When you’re actually buying/fitting doors there is a bit more to it! For the purpose of talking about handles, this is as much as you will need to know.
So, if you have a left handed front door, your lever handle will be placed on the right hand side of the exterior of the door.
It is therefore a right handed door handle that you need to purchase if the style of handle you choose requires this information.
It’s worth pointing out here that the method for determining “door handing” and subsequently the left or right door handle can differ from country to country. This is also why this topic can seem confusing even though the above appears straightforward. This information is based on standard UK practice but keep this in mind if you’re shopping for handles abroad.
What about handles where I don’t need to worry about left and right? Which door handles are reversible?
Generally speaking, the simplest solution will be a symmetrical pull handle. In the case of push/pull style handles, these are fixed to your door to literally push and pull the door open (it’s all in the name!). They have no link or relation to your door lock or opening mechanism, which is operated separately.
It means that when you buy a pair in a style that is symmetrical (when looking from the front), like our bestselling [Icon] stainless steel handle, you will receive 2 identical handles that have no “correct” way up. It doesn’t matter which way round they are used, on either side of the door or on the left or right of either side of the door.
So in these instances there literally is no left or right or up and down. Just wherever suits you best for your door (excluding of course any door design or performance features that may make certain placements impossible).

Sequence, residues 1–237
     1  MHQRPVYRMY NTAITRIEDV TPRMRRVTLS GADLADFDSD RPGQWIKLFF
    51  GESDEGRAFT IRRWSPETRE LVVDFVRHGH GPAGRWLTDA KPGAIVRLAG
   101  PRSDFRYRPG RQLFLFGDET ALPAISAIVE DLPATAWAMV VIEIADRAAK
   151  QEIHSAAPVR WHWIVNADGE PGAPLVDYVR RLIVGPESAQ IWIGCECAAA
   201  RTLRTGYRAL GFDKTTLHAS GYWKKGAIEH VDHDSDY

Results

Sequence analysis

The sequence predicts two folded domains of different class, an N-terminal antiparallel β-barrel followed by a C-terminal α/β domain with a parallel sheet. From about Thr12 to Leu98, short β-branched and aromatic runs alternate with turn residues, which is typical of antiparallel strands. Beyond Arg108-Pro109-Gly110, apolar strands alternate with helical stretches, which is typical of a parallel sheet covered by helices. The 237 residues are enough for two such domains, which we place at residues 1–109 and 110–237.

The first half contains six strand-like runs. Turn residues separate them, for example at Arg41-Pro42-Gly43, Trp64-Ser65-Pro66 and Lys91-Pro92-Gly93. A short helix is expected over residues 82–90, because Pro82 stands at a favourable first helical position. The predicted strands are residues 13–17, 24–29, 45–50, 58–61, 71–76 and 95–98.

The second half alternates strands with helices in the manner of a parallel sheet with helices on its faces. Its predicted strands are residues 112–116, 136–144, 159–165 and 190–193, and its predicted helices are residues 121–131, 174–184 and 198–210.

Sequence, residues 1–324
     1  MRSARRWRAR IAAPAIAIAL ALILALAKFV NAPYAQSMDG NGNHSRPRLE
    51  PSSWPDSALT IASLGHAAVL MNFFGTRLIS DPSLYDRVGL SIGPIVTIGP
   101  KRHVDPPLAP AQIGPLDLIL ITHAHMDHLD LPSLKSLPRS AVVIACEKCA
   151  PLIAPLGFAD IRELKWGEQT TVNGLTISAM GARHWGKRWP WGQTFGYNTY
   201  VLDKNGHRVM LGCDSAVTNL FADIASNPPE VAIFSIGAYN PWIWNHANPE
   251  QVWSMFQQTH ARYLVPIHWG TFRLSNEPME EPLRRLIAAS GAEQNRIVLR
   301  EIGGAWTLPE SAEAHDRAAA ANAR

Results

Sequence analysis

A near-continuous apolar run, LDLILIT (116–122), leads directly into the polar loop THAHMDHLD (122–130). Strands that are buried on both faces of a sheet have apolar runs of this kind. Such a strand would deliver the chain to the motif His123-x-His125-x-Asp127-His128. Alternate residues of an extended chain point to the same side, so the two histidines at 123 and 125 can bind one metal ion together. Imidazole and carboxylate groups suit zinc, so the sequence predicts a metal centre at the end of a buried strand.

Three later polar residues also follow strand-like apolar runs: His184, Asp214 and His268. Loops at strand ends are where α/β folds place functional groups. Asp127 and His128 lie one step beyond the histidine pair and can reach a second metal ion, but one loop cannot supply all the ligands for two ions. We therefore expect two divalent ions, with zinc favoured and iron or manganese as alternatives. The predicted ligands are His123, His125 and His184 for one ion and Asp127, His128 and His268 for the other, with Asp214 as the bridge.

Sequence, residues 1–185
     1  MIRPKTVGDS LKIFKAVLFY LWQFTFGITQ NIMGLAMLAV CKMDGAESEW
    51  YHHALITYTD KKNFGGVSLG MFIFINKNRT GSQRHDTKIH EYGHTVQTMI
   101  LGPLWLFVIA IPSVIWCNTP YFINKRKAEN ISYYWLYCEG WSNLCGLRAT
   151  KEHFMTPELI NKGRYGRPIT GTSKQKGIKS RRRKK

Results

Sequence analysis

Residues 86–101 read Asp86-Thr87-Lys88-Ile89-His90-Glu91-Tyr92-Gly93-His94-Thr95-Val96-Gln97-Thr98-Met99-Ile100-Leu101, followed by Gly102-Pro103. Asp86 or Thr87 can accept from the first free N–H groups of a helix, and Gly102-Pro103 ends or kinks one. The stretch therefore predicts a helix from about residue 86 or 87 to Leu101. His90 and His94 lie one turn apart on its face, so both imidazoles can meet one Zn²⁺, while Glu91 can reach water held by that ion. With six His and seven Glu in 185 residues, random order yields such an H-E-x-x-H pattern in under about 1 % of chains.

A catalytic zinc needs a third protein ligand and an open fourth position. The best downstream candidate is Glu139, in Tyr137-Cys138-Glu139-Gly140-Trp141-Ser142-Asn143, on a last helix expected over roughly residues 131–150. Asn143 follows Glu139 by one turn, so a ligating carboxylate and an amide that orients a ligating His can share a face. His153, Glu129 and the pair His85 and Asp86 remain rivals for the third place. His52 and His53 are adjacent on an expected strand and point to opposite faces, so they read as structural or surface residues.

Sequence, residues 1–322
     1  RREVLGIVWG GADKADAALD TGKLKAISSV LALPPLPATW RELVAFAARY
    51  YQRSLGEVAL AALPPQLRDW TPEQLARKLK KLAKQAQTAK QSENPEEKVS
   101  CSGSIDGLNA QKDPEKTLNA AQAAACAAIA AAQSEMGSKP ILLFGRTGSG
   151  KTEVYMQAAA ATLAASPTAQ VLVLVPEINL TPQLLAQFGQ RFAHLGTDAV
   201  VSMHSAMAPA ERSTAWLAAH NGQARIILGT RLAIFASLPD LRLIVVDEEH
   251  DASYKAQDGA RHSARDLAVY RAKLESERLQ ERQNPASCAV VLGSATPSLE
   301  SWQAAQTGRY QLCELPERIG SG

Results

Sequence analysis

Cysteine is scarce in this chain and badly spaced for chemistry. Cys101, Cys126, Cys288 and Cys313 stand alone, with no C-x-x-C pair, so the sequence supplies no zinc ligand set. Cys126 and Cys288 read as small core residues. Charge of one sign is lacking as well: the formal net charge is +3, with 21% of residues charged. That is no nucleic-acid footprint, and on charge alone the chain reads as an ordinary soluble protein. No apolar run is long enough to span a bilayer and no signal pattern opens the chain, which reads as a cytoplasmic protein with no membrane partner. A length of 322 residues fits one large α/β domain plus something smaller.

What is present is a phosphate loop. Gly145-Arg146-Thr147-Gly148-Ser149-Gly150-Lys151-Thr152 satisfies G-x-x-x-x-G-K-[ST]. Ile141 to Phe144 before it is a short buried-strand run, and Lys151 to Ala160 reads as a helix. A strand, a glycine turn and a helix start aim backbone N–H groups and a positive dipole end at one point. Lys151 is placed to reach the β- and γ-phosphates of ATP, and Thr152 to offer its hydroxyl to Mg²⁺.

What about pull handles that aren’t symmetrical?
So this is where the idea of right or left comes back into play. But the difference here is that it’s really about the design and direction of the handle and not a specific fitting requirement like the lever handles, which are directly linked to the opening & security features of your door.
If you choose a handle pair in a curved or non-symmetrical design (as seen from the front), like our popular [Lustro] steel handle that has a sleek rounded feature, you will receive 2 handles that mirror each other. One that has the curve going to the left and one that has the curve going to the right. This means that once fixed to the door externally and internally, the handles will match so the curve in this design follows the same direction.
While there is often a common placement in terms of which direction the design of the handle goes (you’ll be able to see these in the images on our product pages for example), you are free to reverse or even turn them upside down if you prefer.
We always recommend buying front door handles as a pair regardless of the style or type you are choosing but in this case, if you are only buying one pull handle, you will want to specify which side of the “mirror” you want, depending on whether you prefer the “left” or “right” design.
So in the case of pull handles, “left and right” is really about design and door handle direction. But it is not an absolute requirement for function or security reasons and is only something you need to think about if you are buying just one handle.
And there you have it.
Ultimately whether or not you need to think about a left or right handed handle will come down to the most important things for you - your desired visual look and handle style, the practicality of the solution and the quality of the handle/s you choose.
Prefer the simple solution? Browse our range of contemporary, high-grade stainless steel pull handles here.